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Tuesday, July 10, 2012

Integrity Triennial Eucharist 2012

ENS photo - Sharon Sheridan
It was, in a word, glorious.

The liturgy. The music. The colors. The way a hotel ballroom was set up to look like church.

It was the first time we had a lesbian bishop preside and a gay bishop preach.  And, appropriately enough, the focus was on our transgender sisters and brothers and their struggle for full inclusion and full claim to the gospel promise of liberation and justice.

This was made all the more glorious by the previous events of the day.

Both resolutions have to do with transgender issues (D002 - Affirming Access to Discernment Process for Ministry and D019 - Amend Canon 1.17.5) were adopted in both houses.

A049 - Authorizing Resources for the Blessing of Same Gender Relationship - passed the House of Bishops by a vote of 111-41-3.

This, added to the victories on Anti-bullying and Immigration reform affected by DOMA was almost overwhelming in its emotional content.

However, we cannot delude ourselves into thinking that "the strife is o're the battle won". Just the day before, Bishop Gene Robinson had asked for a point of personal privilege in the House of Bishops to talk about how the attacks on him continue - this time, from two of the bishops in the HOB.

If you haven't had a chance to listen to what he said, you can find a link to it here. It may take a while to upload so try to be patient. Integrity will try to get it into a different, more easily accessible format within the next day or two.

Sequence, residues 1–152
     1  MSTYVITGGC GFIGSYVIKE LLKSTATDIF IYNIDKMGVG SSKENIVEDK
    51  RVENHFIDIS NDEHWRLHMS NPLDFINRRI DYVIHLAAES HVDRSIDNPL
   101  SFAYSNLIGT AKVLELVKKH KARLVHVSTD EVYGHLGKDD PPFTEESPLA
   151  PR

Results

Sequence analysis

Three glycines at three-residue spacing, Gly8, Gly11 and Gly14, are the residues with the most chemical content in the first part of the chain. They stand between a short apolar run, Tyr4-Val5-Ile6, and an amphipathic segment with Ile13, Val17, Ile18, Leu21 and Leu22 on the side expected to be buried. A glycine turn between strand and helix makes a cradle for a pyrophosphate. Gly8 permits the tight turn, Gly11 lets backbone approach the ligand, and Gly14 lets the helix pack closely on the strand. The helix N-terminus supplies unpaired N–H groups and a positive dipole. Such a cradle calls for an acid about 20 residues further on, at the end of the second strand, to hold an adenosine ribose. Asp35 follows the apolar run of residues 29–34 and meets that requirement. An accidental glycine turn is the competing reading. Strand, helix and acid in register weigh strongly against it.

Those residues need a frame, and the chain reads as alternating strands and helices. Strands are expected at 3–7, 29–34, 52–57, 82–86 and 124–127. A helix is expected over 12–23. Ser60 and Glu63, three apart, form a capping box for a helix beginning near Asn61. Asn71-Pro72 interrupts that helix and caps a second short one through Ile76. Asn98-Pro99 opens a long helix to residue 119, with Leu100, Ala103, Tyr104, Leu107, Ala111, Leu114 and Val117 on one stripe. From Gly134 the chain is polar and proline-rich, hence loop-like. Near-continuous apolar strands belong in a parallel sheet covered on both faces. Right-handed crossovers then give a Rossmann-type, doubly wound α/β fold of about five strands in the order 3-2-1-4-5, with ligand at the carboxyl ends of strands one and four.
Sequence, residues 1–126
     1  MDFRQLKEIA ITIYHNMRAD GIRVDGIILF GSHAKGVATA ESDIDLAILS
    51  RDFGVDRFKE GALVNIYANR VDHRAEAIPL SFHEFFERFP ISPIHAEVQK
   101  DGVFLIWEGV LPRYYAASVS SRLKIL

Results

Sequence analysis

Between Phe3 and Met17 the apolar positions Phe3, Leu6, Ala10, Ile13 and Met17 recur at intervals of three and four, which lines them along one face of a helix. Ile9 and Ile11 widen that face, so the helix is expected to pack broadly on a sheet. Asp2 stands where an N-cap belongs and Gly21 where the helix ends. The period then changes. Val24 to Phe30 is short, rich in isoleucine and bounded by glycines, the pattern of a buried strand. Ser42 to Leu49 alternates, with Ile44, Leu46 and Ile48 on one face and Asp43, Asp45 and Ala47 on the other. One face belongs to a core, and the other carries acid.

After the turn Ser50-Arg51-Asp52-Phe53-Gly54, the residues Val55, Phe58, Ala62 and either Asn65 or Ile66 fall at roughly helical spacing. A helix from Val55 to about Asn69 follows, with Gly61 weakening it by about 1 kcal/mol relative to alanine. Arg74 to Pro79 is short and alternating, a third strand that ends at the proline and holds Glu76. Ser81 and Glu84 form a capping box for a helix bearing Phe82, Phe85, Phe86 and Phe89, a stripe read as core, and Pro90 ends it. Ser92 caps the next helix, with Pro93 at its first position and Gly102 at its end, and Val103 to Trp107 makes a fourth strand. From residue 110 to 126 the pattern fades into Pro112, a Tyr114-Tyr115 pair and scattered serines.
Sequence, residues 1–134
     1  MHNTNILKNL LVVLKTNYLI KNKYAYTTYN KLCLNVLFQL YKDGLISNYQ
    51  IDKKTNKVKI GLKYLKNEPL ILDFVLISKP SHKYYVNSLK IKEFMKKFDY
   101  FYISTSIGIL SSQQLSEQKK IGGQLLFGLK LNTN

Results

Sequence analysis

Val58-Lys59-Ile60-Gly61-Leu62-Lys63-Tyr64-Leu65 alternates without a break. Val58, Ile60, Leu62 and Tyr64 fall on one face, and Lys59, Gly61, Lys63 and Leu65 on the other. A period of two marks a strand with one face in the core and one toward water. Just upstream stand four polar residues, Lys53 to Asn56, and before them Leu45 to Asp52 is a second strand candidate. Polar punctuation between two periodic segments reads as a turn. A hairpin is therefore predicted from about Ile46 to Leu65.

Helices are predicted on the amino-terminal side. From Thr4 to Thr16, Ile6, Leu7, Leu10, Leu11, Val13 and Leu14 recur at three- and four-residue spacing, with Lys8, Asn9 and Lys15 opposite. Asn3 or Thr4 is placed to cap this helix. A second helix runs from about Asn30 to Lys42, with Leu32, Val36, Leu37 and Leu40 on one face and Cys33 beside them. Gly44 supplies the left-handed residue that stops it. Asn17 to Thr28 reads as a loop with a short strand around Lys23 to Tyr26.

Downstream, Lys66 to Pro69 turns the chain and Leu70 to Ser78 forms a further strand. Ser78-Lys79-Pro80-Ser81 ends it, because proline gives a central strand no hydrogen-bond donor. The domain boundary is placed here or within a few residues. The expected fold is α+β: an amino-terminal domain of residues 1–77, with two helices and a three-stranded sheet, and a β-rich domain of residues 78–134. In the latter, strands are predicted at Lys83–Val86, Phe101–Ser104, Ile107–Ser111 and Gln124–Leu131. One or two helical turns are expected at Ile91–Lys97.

If you are able to listen to it now, you won't be able to miss the weariness and pain in his voice. It's simply heartbreaking, but it's also a powerful reminder that the opposition will do whatever they need to do in order to defeat us.

ENS photo: Sharon Sheridan
You can hear the amazing sermon Youtube. Part One is here. Part Two is here.

Oh, please, don't miss it. It is rich nourishment for your soul. We are meant to live in tents.

You can also read about the Integrity Eucharist according to the ENS article, "God calls us forward."

The Eucharist was preceded by a reception in honor of Louie Crew, Integrity's founder.

I was honored to have presented a tribute to Louie, along with Kim Byham.

I told a story about my experience, years ago, when Louie was Ambassador from Samaria to The Episcopal Church.  In that capacity, he would often recruit some of us to be his attache - or, as he would say, "bodyguards".

I remember one of those occasions in Atlanta. I think it was Atlanta but it might have been Texas. It was one of those places where everyone talked a lot like Louie and not like me.

There was one woman who was an undeniable Steel Magnolia - a core of steel all wrapped up in floral print and pink chiffon. She wanted to ask Louie some questions about his "orientation", but her questions were not born of curiosity or a desire to learn. Rather, she was more like an Assistant DA questioning the defendant on the stand, looking for loopholes in his story.

Her real agenda was not to learn but to get Louie to try to "change" - to "turn back" to being "heterosexual" the way she knew God had made him because he was "ruining the church."

Louie was so patient with her. So generous with information. So vulnerable in telling his own story. He was laying down his life for an enemy but he was trying to see her as a friend.

She would not budge. She continued to plummet him with questions the way the Sadducees asked Jesus questions in order to trick him.

Finally, as the night was dragging on and it was way past time to have returned to our rooms because we were all so exhausted, suddenly, Louie got an insight. His whole entire body brightened as he leaned forward to speak to her.